Ford expands use of 3D Printing in the design process

Technology 26 Nov 2015
Ford expands use of 3D Printing in the design process

Ford is expanding the applications of rapid prototyping technologies in order to speed up development times and improve the final quality by increasing the number of design iterations.


Ford’s interest in 3D printing dates back to 1988, when the company purchased the third 3D printer ever created and has since then produced more than 500,000 parts using additive manufacturing.

Printing at Ford

Among the recent projects where 3D printing has played a key role are the new Ford GT and the Mondeo Vignale.

For the GT, 3D printing was used during the development of the intake manifold on the EcoBoost race engine, for the F1-style steering wheel with integrated driver controls and the transmission paddle-shift controls and for producing key lightweight structural components for the upward-swinging doors.

Printing at Ford - Steering Wheel

For the Mondeo Vignale, 3D printing has been extensively adopted to try hundreds of different designs. Among prototype parts manufactured using 3D printing processes were the unique hexagonal Vignale design in the upper front grille, Vignale badges and exterior ornamentation, cut from nylon, the 19-inch Vignale lustre nickel alloy wheels, and dual chrome exhausts with polished aluminium surround.

Printing at Ford - Gear shift

Traditional prototyping methods require special tools and can be time‑consuming. Ford can print a 3D part in a few hours and, for as little as £750, open up the opportunity for more experimentation and more radical, innovative design.

For customers with their own 3D printer Ford has recently opened a dedicated store that offers the first automaker‑authorized 3D-printable files.

How 3D printing works

Below we report additional details about the integration of the 3D printing technologies into the design and development workflow.

From the official Press Release:

3D printing in the car design process

The first step in bringing a vehicle design to life is a sketch produced by the Ford Design team. Clay modellers then make a scale model and later a full-size version of the vehicle to assess proportions and develop the design. In parallel, digital sculptors create a model using computer-aided design (CAD). The two models are developed together, leveraging the strengths of both disciplines.

While some parts are worked in clay, more complex or detailed items are mostly developed digitally and often 3D printed – which is where Rapid Prototype teams at Ford’s Dunton Technical Centre, in Essex and at its European headquarters in Germany come into play.

Printing at Ford - Bruno Alves

Rapid Prototyping helps to evaluate the design and uses one of a number of techniques to create the piece they are working on, including 3D printing. The latter requires CAD software that “slices” parts into paper‑thin layers that can be built up into a 3D printed prototype. How robust the prototype part needs to be determines the material used. It can be plastic, sand, or metal. Layer by layer, the materials are fused together into the desired shape using a laser.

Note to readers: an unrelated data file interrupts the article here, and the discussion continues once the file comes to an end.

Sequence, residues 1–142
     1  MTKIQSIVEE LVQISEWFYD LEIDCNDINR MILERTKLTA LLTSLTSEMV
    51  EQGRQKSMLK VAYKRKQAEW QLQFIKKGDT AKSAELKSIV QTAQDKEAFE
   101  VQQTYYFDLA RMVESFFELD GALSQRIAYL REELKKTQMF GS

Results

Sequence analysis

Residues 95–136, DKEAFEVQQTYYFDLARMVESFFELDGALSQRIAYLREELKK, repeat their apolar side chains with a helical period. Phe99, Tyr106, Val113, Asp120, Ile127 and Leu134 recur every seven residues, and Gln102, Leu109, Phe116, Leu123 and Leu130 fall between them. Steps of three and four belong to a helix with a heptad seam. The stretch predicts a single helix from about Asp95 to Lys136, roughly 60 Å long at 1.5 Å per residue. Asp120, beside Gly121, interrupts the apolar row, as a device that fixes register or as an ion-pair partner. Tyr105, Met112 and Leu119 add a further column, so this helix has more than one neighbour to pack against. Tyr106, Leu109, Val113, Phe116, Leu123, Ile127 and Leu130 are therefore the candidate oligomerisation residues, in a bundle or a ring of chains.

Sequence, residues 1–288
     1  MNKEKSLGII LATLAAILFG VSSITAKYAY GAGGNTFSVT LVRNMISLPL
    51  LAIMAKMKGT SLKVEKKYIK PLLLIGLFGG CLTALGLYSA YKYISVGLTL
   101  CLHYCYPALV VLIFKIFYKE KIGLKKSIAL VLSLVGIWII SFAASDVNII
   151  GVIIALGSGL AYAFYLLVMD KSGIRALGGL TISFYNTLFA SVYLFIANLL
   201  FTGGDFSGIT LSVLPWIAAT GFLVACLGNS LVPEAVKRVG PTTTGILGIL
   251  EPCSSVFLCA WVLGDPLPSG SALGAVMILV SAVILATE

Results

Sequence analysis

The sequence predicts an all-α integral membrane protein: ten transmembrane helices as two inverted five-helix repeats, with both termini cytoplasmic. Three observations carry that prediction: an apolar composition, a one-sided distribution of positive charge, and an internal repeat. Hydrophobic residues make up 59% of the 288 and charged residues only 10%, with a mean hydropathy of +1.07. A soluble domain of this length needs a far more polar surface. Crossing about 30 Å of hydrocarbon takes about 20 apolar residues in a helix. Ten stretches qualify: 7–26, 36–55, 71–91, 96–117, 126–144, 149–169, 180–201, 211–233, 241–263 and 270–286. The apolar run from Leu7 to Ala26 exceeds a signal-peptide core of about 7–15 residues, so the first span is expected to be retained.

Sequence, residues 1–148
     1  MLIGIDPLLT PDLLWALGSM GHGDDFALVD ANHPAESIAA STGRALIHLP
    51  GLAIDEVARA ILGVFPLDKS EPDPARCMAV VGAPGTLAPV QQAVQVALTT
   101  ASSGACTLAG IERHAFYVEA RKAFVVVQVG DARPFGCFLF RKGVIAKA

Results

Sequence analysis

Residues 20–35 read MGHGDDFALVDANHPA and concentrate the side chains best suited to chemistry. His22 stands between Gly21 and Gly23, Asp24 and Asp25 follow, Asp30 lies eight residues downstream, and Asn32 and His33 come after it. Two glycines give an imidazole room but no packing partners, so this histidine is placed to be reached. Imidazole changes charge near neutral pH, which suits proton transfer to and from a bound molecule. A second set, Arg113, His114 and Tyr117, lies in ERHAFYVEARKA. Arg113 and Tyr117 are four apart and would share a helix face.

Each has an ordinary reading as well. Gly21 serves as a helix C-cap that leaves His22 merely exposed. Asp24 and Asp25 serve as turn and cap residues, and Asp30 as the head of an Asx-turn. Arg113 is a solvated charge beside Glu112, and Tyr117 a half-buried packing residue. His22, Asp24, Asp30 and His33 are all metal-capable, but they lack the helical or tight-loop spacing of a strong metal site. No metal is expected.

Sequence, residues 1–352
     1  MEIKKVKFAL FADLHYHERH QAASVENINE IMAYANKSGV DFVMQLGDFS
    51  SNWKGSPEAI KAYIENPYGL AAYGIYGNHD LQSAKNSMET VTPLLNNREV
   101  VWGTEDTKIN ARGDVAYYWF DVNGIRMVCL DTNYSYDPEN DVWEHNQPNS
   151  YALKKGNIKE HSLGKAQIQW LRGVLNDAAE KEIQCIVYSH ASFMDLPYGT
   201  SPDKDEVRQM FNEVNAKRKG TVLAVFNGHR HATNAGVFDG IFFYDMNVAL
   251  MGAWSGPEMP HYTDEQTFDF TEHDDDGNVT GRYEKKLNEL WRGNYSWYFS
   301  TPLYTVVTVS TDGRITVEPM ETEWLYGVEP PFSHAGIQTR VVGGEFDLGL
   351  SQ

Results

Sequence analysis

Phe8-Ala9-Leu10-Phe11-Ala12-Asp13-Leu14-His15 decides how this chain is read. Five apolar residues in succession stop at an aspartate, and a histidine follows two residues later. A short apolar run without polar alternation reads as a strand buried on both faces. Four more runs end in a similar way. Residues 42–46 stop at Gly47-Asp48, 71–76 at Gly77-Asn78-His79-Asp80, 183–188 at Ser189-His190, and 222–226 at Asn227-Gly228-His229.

After printing, excess material is dissolved away and the part can be finished by sanding or painting. The completed part is then available to the design studio or test facility.

From prototypes to manufacturing

Ford is collaborating with Carbon3D in the U.S. to research future rapid prototyping and small manufacturing programme capabilities. The partnership is leading the development of future 3D print resins capable of supporting the loads, high temperatures and severe vibrations associated with vehicle testing.

Continuous Liquid Interface Production technology (CLIP), a 3D printing technology used in the movie industry to create special effects, grows parts from UV curable resins at speeds as much as 25 to 100 times faster than conventional 3D printing processes. The resulting parts boast mechanical properties that are applicable for a range of needs for Ford vehicles. Ford vehicle designers in the U.S. have used the technology to create small interior parts for the Ford Focus Electric and Transit Connect.

Printing at Ford - Sandro Piroddi

“3D computer printing technology has totally changed the way we design and develop new vehicles. We can be more creative in trying to find potential solutions, and for the customer this means that our cars are better able to incorporate the latest thinking in design and technology,” said Sandro Piroddi, Ford of Europe’s Rapid Technology supervisor.

“Incredible as it is that 3D printing has been around for more than 25 years, it is a technology that is moving more quickly than ever before, opening up new ways of manufacturing the cars of the future,” Piroddi said.

(Source: Ford)

Image Gallery

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